Afterword

That’s it – you’ve reached an end point. There are other ways of reaching the same place, and there are different endings, too.

This is, I acknowledge, a short story – I might do a longer one at some point – but I wanted to use it to explore something that’s been bothering me for a while. when I write a story, I’m making the choices that you made, but when I’m done, I’m left thinking, “what if he’d turned left rather than right? What if she’d chosen not to pick up the knife?” As the author, you’re responsible for decisions you present to the reader, using your craft and skill to weave a satisfying and entertaining tale out of the sticks and puffs of smoke you start with. But any story, right from the off, can go a hundred different ways, and it was interesting to see what would happen if I put some of those into the text.

The other concept I wanted to explore was inevitability. How much are we in control of our own narrative, and how much of our lives are simply how we react to situations? When I was writing What We Do At Night, I was struck by how often the story diverged, then arced back on itself, propelling the protagonist to a fixed number of points that were emotionally satisfying. There was no choice to walk away, for the exact reason that books don’t have that, but by giving you a set of parameters – get the job, keep the job – I hopefully successfully constrained your choices in the same way a protagonist in a story has their choices constrained by external and internal considerations: culture, events, relationships and character.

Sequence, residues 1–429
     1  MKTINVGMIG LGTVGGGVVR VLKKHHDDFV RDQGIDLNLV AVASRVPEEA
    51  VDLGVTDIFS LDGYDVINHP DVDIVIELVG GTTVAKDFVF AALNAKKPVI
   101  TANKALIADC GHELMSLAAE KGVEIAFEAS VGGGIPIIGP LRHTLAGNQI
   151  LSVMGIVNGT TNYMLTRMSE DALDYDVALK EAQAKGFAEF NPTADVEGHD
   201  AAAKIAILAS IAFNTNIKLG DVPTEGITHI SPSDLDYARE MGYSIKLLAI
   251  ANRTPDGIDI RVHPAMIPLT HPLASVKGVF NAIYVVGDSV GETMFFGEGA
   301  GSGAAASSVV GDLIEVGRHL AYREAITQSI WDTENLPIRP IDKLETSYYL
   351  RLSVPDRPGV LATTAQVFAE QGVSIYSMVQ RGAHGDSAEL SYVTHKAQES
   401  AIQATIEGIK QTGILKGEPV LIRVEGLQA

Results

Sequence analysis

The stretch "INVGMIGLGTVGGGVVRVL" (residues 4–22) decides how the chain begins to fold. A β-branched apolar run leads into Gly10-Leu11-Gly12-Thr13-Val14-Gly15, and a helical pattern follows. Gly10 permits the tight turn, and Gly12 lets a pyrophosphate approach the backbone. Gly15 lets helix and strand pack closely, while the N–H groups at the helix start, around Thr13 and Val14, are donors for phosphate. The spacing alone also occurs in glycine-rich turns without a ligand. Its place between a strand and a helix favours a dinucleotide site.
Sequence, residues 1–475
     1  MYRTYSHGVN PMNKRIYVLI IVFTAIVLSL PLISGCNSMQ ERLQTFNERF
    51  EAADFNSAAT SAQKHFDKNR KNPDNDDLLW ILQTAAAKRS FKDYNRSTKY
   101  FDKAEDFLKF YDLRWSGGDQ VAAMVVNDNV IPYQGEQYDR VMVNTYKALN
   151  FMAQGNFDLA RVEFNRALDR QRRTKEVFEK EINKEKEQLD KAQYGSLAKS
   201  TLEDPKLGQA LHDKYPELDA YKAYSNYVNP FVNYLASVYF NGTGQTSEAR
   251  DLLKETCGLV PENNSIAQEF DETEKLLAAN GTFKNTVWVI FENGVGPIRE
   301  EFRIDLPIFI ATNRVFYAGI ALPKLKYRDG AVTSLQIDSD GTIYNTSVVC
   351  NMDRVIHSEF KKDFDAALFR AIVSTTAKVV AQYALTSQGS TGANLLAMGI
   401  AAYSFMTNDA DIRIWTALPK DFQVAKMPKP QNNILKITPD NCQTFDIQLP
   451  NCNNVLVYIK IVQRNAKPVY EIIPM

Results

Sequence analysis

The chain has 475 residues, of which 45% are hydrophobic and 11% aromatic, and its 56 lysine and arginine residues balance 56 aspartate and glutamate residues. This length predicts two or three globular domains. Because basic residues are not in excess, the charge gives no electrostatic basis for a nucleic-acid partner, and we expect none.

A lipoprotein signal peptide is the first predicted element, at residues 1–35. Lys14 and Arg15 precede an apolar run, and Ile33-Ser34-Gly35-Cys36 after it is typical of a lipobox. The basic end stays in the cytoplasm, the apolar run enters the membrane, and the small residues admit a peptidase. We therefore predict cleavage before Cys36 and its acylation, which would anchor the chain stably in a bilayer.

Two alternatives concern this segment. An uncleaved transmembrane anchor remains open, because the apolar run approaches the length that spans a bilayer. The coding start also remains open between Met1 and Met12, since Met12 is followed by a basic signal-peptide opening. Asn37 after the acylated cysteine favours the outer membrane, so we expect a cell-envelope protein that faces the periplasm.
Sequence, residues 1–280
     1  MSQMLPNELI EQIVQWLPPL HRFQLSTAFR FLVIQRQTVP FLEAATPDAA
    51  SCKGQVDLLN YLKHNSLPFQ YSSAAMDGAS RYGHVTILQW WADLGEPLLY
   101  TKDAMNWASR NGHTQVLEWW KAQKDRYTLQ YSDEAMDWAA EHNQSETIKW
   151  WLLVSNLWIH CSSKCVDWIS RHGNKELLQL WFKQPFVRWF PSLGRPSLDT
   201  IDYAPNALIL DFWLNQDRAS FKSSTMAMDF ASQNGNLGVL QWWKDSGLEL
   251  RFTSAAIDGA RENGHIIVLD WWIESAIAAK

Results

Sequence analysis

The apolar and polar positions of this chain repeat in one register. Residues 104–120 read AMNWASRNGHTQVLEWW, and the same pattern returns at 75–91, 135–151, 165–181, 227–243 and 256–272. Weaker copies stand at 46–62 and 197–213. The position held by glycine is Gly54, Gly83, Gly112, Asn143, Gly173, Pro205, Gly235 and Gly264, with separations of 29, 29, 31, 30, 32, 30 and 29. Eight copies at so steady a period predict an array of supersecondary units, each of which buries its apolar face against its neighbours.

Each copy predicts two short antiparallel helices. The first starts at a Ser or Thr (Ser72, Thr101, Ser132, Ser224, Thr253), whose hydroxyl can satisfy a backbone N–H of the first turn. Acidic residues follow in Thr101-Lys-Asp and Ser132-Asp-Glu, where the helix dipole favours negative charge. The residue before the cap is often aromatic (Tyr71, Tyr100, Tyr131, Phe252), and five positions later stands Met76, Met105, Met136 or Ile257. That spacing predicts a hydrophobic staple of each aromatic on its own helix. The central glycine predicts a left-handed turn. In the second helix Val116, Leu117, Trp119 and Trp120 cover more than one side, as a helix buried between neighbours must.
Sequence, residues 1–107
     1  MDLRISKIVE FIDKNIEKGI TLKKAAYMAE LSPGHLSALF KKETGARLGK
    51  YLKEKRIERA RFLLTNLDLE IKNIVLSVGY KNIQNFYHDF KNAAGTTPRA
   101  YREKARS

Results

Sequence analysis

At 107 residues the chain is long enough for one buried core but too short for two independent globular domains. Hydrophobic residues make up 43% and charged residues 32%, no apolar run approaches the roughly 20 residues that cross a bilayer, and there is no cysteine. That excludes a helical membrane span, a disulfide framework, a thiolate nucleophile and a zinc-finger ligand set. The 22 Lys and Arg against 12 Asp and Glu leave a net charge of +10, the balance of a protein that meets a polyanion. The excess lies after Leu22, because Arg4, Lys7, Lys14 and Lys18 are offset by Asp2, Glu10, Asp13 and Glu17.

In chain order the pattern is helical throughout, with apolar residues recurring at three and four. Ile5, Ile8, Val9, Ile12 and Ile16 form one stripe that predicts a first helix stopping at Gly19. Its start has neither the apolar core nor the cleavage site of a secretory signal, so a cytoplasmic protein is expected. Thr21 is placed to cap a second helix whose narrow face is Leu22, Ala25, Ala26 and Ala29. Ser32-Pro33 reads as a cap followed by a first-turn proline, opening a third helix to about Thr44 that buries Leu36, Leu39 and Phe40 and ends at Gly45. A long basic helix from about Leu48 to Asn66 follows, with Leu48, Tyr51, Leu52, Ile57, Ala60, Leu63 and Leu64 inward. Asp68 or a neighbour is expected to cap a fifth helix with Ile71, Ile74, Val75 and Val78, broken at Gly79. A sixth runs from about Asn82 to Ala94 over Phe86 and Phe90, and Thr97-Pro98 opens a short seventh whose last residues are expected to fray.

Of course, you can go around again. If you’ve made just one run through Pegasus Tower, then there’s plenty more to explore. If you want to go back to the start, you can by clicking here.

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